Okinka Pampa

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Okinka Pampa Kanyimpa, sometimes Kanjimpa (died 1930) was a queen-priestess of the Bijagos of Orango, in the Bissagos Islands of Guinea-Bissau. She lived in Angagumé.[1]

Queen Pampa Kanyimpa, member of the Okinka clan[2], succeeded her father Bankajapa[3] as ruler of the island. She was entrusted to protect the island's ancestors and be the keeper of its traditions around 1910.[4] This was a time when the government of Portugal was preparing to occupy the Bissagos archipelago as part of its territorial claims in Africa. Portugal saw the islands as an opportunity to expand their trade ports and improve the economy for Portuguese settlers. In an attempt to maintain peace, she resisted their campaigns for some time before ultimately signing a peace treaty with them. At the same time, she implemented societal reforms that expanded the rights of women and ended slavery. Okinka Pampa died in 1930 of natural causes; her legacy is today still celebrated in the islands and on the mainland.[5] She was the last queen of the Bijago people.[6][7] Okinka Pampa is still worshiped throughout the archipelago, and her tomb may still be visited.[8]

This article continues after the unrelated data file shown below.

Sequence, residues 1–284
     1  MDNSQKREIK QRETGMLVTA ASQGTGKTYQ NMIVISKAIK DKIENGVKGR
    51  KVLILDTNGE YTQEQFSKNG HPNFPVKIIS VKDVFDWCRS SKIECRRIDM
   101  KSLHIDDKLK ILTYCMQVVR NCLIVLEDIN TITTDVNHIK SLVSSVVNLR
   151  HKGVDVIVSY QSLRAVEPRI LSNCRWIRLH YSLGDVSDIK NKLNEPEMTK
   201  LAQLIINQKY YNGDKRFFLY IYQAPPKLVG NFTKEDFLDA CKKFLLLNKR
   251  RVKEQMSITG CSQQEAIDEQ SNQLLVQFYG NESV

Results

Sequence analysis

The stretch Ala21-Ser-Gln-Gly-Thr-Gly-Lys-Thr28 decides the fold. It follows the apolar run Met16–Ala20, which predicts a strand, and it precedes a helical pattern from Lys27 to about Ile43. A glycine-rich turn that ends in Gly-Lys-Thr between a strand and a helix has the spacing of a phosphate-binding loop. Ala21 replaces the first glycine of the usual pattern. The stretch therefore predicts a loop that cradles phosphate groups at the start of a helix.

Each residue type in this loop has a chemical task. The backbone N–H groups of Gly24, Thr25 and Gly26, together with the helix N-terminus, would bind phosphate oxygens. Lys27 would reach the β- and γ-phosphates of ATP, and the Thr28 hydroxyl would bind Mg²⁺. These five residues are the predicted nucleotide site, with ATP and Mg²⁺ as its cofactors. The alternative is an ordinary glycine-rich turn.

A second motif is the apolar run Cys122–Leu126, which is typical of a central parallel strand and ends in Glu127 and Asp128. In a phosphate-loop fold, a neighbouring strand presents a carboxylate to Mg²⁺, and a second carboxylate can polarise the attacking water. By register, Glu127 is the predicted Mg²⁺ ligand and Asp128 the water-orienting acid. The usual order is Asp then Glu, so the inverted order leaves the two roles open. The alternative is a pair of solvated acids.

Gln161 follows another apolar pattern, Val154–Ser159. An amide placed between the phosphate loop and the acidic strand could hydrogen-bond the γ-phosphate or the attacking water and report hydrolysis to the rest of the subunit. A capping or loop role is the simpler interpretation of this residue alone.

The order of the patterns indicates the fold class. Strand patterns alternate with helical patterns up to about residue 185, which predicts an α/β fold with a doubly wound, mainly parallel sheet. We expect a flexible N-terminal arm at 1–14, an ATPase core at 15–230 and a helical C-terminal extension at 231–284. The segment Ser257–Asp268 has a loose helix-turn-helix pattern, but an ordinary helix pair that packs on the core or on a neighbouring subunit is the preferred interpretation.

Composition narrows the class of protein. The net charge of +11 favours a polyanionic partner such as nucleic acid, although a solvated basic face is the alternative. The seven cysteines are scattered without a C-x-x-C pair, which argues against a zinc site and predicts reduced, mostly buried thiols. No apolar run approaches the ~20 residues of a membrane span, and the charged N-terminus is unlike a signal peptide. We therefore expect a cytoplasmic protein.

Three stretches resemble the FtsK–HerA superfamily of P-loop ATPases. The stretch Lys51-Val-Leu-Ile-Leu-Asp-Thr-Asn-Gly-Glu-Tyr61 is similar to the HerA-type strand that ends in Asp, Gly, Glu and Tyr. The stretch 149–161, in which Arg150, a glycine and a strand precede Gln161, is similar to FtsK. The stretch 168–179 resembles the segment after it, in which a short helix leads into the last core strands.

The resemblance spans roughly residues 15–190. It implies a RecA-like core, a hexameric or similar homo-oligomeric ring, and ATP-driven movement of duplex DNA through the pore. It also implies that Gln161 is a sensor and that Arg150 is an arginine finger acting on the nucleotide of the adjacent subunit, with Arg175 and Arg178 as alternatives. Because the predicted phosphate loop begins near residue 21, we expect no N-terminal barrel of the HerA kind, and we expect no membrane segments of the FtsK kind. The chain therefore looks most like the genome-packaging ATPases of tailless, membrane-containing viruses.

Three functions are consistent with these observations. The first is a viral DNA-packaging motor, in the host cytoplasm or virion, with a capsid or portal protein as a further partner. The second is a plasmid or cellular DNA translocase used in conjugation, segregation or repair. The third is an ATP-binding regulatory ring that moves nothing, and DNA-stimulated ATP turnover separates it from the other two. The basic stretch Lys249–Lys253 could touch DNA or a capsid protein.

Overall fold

References[edit]

  1. ^ "ORANGO - ANGAGUMÉ - Guinea Bissau tourism - BIjagós - pampa". 29 October 2013. Retrieved 15 September 2017.
  2. ^ "Matriarchy in the archipelago of the islands Bijagó". Hotel Orango en Guinea Bissau. Retrieved 2018-11-29.
  3. ^ "Guinea Bissau Substates". www.guide2womenleaders.com. Retrieved 15 September 2017.
  4. ^ Mendy, Peter Karibe; Jr, Richard A. Lobban (2013-10-17). Historical Dictionary of the Republic of Guinea-Bissau. Scarecrow Press. ISBN 9780810880276.
  5. ^ Peter Karibe Mendy; Lobban Jr. (17 October 2013). Historical Dictionary of the Republic of Guinea-Bissau. Scarecrow Press. ISBN 978-0-8108-8027-6.
  6. ^ "Ecos da Guiné: OKINKA PAMPA, a última rainha dos Bijagós . - UASP". www.uasp.pt. Retrieved 15 September 2017.
  7. ^ "okinkart". okinkart. Retrieved 15 September 2017.
  8. ^ Discovering Guinea-Bissau tourist guide